Women Express Concern Over Arthritis Therapy Continuation During Pregnancy

June 16, 2021
Armand Butera

Armand Butera is the assistant editor for HCPLive. He attended Fairleigh Dickinson University and graduated with a degree in communications with a concentration in journalism. Prior to graduating, Armand worked as the editor-in-chief of his college newspaper and a radio host for WFDU. He went on to work as a copywriter, freelancer, and human resources assistant before joining HCPLive. In his spare time, he enjoys reading, writing, traveling with his companion and spinning vinyl records. Email him at abutera@mjhlifesciences.com.

Investigators push for messaging transparency and consistency from health care professionals in regard to arthritis medication.

In a collaborative study with patient-powered research network Arthritis Power and their partner online community CreakyJoints, a team of investigators explored female patient’s trepidation with health care providers and how concerns with drug safety impact the use of arthritis medications within that group.

The study, headed by Mehret Birru Talabi, MD, indicated that 31-62% of women with inflammatory arthritic disease such as rheumatoid arthritis (RA), spondylarthritis (SPA), and juvenile idiopathic arthritis (JIA) discontinue disease-modifying antirheumatic drugs (DMARDs) while pregnant or breastfeeding.

While the discontinuation is appropriate in some circumstances, the team highlighted some of the concerning health consequences in some female patients when their arthritis is not properly treated.

“Poorly controlled inflammatory arthritis among mothers with RA and JIA has been associated with adverse fetal outcomes, including prematurity and low birth weight,” the team wrote.

Active arthritis has also been associated with subfertility and impaired physical functioning, investigators wrote.

The team noted that discontinuation of arthritis medication is often a choice rather than a necessity. As such, they chose to gather information regarding the risks and benefits of treatment in order to better inform female patients with inflammatory arthritis.

The study population consisted of 66 female patients with arthritis, all of whom were members of Arthritis Power and CreakyJoints. Questionnaires were sent regarding the age of the participants (ages 18-50 were accepted), as well as their post-pregnancy diagnosis.

In addition to the questionnaires, a qualitative analysis was conducted by MBT, a rheumatologist and women’s health specialist with formal qualitative training; in coordination with MEBC a rheumatologist with expertise in the reproductive health of women with rheumatic diseases; and AME, an investigator in rheumatology and women’s health.

Most of the participants in the study were White, diagnosed with RA, and college educated. However, the team noted that each type of arthritis was represented. An average of 1.7 pregnancies per diagnosis were recorded, and 95% of all participants indicated a historical or current use of a DMARD or prednisone.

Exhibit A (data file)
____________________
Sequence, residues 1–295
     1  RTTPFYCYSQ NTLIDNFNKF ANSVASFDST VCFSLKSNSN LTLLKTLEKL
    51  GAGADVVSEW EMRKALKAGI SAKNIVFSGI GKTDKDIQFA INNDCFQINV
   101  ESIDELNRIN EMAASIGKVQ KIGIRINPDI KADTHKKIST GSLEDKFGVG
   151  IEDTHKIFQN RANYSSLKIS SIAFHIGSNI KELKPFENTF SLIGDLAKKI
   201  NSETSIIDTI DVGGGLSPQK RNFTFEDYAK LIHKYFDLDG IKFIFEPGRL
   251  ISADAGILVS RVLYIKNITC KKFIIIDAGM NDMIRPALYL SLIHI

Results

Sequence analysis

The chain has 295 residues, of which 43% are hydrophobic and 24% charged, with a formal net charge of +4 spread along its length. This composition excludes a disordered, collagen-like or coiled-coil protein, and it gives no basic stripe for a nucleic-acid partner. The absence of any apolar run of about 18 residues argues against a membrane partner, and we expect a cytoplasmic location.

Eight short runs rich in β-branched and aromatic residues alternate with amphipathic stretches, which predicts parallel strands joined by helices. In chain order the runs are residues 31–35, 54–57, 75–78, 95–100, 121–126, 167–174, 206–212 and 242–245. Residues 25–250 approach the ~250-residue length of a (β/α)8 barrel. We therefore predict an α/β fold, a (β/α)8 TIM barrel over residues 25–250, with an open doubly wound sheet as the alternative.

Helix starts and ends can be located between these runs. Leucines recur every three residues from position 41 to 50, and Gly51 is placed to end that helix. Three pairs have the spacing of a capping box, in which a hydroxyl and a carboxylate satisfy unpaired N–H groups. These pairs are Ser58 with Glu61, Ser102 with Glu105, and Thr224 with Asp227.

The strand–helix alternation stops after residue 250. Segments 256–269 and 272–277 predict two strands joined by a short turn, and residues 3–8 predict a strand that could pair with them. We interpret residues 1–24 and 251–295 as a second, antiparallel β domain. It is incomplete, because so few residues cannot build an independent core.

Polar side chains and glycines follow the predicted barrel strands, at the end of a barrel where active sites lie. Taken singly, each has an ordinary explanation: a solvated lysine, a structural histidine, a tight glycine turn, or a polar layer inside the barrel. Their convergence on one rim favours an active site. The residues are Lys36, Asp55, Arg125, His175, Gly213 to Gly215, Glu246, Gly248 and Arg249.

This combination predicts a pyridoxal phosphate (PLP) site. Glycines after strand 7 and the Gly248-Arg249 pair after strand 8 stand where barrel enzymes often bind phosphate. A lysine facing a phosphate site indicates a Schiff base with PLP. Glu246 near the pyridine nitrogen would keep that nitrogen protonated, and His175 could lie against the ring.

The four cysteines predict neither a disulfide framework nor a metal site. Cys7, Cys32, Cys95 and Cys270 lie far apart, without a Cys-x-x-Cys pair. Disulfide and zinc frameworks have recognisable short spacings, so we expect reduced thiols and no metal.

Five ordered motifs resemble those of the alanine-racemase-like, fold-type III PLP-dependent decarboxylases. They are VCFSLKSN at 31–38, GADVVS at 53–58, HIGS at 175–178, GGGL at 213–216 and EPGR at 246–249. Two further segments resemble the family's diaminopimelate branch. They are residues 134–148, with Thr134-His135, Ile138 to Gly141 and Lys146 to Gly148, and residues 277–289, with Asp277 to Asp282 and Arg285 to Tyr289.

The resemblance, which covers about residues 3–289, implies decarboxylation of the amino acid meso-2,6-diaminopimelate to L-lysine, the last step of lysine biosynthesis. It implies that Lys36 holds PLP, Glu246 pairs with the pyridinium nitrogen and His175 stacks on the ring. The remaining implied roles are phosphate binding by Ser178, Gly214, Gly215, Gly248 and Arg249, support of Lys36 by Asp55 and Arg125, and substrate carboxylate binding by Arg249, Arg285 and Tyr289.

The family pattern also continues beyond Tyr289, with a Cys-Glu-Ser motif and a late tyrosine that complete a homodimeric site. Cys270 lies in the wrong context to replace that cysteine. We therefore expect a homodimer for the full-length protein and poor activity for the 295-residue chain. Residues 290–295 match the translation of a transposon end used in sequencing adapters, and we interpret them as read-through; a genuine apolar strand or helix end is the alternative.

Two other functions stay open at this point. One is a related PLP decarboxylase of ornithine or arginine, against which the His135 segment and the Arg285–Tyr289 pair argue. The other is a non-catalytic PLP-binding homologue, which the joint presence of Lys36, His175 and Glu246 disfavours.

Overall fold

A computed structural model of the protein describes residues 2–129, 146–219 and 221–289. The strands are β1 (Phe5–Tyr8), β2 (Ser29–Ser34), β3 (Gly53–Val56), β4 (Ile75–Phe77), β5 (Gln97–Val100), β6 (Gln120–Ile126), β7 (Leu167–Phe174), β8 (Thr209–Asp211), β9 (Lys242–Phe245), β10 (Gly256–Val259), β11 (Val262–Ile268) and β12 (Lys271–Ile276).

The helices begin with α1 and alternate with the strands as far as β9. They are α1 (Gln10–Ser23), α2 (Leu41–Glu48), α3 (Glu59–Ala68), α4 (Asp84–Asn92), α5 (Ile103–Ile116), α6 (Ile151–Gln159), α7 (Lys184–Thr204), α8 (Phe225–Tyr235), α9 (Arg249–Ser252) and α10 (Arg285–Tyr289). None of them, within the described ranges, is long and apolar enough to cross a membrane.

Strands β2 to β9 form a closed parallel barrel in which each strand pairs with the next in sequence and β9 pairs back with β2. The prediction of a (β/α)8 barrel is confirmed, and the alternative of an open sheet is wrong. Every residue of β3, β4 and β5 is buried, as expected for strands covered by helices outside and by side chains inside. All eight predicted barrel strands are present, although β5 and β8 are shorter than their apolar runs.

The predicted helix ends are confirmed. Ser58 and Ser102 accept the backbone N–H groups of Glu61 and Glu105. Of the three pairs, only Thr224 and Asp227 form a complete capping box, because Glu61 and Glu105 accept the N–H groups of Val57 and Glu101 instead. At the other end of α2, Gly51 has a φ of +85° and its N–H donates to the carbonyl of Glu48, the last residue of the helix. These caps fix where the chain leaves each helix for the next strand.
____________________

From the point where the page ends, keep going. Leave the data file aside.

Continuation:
Despite the overwhelming number of participants stating they used medications for their arthritis, many of them admitted concerns involving their pregnancies.

“A central theme that emerged from surveys and free-text responses was that respondents were worried about the safety of their traditional or biologic DMARDs during pregnancy and lactation,” the team wrote.

According to the study, 40% of all women felt that no medications were safe to use during pregnancy. The remaining participants chose prednisone (41%); tumor necrosis factor α (TNF) inhibitors (15%); nonsteroidal anti-inflammatory drugs (NSAIDs; 11%); hydroxychloroquine (HCQ; 9%); and acetaminophen (2%) as safe medications.

However, in a sample taken from the study, nearly 80% of all participants discontinued their use of prescribed medication, and 78% of all participants had concerns of the effect of medication on breastfeeding.

Despite a significant portion of participants admitting to having discussions with rheumatologists (80%), obstetricians (73%), and/or primary care providers (P

CPs; 33%) about the safety of the antirheumatic drugs during pregnancy, an overwhelming number of participants felt they should discontinue use.

The team contributed these decisions to a variety of factors. They noted about one-fourth (24%) of participants reported differing opinions among health care providers. Another 95% reported discrepancies and misinformation in online health searches.

The team went on to suggest that greater care be put into informing pregnant patients with arthritis of the benefits and possible side effects of medications.

“Our findings underscore the importance of care coordination between health care providers so that messaging about medication safety is consistent and evidence based,” the team wrote. “High-quality information is needed for patients and providers alike to support informed, up-to-date medication decision-making that preserves women’s physical functioning and well-being through all phases of their reproductive lives.”

The study, “Tough Choices: Exploring Medication Decision-Making During Pregnancy and Lactation Among Women With Inflammatory Arthritis,” was published online in ACR Open Rheumatology.


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